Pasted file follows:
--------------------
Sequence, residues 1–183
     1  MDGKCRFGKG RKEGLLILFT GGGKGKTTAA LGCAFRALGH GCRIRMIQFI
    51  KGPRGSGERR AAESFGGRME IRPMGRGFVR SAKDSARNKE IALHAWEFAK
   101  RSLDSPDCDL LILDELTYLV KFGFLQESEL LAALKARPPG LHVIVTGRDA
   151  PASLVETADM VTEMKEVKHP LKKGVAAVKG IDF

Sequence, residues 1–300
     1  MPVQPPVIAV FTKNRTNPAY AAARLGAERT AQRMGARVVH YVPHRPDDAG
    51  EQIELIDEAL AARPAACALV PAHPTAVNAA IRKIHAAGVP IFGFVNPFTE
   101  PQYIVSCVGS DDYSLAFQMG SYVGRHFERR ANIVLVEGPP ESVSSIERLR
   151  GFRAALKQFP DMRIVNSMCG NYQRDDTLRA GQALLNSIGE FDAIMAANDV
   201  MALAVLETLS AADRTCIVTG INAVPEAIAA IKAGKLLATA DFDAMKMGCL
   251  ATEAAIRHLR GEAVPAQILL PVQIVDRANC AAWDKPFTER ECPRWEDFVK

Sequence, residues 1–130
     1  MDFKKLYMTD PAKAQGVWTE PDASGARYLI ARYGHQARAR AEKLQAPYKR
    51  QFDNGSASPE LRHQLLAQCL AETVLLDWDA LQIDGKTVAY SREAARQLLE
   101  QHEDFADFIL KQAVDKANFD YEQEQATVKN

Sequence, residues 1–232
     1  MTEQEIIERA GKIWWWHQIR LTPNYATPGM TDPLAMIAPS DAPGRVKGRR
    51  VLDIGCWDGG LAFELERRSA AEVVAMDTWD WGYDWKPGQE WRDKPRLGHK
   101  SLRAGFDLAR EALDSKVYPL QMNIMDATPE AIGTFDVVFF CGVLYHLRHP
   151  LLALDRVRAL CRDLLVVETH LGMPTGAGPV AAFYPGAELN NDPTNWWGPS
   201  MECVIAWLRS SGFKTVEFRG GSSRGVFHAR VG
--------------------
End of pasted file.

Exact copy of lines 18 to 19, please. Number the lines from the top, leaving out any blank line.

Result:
     1  MTEQEIIERA GKIWWWHQIR LTPNYATPGM TDPLAMIAPS DAPGRVKGRR
    51  VLDIGCWDGG LAFELERRSA AEVVAMDTWD WGYDWKPGQE WRDKPRLGHK